Apache Kafka is widely used to transmit and store messages between applications. Kafka is fast and scalable, like MemSQL. MemSQL and Kafka work well together. You can find out more, and see a demo, in our recent webinar.
In the webinar, Senior Sales Engineer Neil Dahlke of MemSQL explains how Apache Kafka and MemSQL can be used together to help reduce latency. Latency has three main causes:
- Slow data loading – due to database single-node architectures and locking mechanisms, it can take many minutes – even hours – to load datasets into the system. Kafka and MemSQL both address this problem.
- Lengthy query execution – as data sets grow to millions and even billions of rows, queries take a lot of time to construct, optimize, and run. MemSQL executes queries quickly.
- Limited user access – single-node databases can only handle a small number of users at a time. MemSQL is distributed and has high concurrency, allowing many more active users and apps to run against your database.
The solutions to performance problems often involve expense, complexity, and workarounds:
- Scaling up. Adding more CPUs, adding more memory, adding caching tiers, buying specialized hardware racks, or paying for expensive add-on options to existing databases.
- NoSQL solutions. An object store can improve the problem of slow data loading, but at a big cost on the back (analytics) end: slow analytics, developer-intensive queries, and loss of compatibility with business intelligence tools.
These solutions can generate more problems – additional layers, components to manage, and tough trade-offs – all at additional cost.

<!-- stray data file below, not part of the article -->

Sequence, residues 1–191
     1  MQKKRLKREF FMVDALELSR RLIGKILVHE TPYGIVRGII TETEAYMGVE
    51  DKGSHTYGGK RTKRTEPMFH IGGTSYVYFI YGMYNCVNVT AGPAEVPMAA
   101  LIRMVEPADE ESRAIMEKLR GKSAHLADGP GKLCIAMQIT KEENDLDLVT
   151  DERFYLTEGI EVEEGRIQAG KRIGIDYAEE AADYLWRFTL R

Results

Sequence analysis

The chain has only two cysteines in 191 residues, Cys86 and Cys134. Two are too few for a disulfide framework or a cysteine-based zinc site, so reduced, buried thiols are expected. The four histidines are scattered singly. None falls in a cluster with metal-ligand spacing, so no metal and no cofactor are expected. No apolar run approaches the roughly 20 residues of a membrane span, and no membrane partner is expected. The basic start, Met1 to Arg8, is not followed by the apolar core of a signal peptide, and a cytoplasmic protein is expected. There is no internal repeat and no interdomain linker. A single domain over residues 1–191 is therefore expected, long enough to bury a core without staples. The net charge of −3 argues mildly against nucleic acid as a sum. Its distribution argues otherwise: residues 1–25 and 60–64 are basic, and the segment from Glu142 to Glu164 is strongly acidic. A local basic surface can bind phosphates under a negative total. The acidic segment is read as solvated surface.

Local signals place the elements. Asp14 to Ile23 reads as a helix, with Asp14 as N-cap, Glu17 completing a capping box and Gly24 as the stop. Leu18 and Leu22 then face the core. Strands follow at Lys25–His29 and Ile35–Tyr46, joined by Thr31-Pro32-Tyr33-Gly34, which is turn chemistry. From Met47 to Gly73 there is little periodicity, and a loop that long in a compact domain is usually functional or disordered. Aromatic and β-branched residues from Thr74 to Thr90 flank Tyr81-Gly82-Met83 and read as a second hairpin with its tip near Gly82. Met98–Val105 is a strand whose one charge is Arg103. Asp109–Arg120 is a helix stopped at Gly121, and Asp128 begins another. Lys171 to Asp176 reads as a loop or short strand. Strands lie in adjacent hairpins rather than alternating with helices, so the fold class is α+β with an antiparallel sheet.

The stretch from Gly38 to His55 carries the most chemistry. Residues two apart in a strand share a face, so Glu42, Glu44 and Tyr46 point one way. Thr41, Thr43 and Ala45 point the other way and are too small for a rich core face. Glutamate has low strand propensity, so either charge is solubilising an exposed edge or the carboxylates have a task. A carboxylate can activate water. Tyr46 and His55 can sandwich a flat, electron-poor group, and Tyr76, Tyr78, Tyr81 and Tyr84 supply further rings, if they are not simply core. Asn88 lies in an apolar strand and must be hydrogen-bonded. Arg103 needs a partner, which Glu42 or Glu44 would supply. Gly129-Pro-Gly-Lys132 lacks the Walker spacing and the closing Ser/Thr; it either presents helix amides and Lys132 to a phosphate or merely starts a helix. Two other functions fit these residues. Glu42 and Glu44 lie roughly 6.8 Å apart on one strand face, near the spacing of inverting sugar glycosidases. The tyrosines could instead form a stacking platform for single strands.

MemSQL addresses all these problems. As the name implies, MemSQL was first introduced as an in-memory database. Today, it flexibly uses memory and disk for optimal performance. MemSQL is also referred to as a NewSQL database, or modern database, because it offers a familiar SQL interface along with distributed capabilities for fast ingest and high concurrency, and other desirable features.
MemSQL is fast for loading; fast for queries; and scales for access by large numbers of concurrent users. And that comes with a familiar interface: the secret sauce of MemSQL is that it offers distributed SQL for both transactions and analytics.
The ability of MemSQL to run combined operations quickly makes it perfect for what are called “translytical” applications, combining a steady diet of transactions with robust performance for always-on analytics against current, not stale, data. Put another way, MemSQL gives you HOAP: hybrid operational and analytical processing. (View our webinar on HOAP databases and data management.)
MemSQL plays nice with all the elements of your existing ecosystem: it runs on-premise on bare metal; is cloud native for public, private, and hybrid clouds; and runs well in virtual machines and containers. MemSQL takes in real-time data and data from messaging and transform components, such as Kafka (the topic of this webinar) or Spark. And it can take in data from other data stores, such as relational databases, HDFS, or Amazon S3.
You can then access your data from your own business intelligence dashboards, such as Looker, Microstrategy, and Tableau, and many other applications.
In the webinar, you’ll see a demo of a MemSQL data ingestion tool called CREATE PIPELINE. With a pipeline, you can do fast, reliable stream ingestion or batch loading. CREATE PIPELINE supports arbitrary transformations and works with any computer language, with the Go language and Python being popular with users.
MemSQL can work across multiple Kafka brokers. A second demo in the webinar shows MemSQL tied to Kafka inputs to do sentiment analysis on tweets in a basketball-related Twitter feed.
The webinar ends with a Q&A, covering topics such as the need for star schemas, the ability to ingest data from Oracle directly, and how to support high availability on AWS.
Webinar Recording and Slides
You can easily access the webinar recording and slides to learn more about MemSQL.
We also offer a free trial of MemSQL for 30 days. Download the free trial today.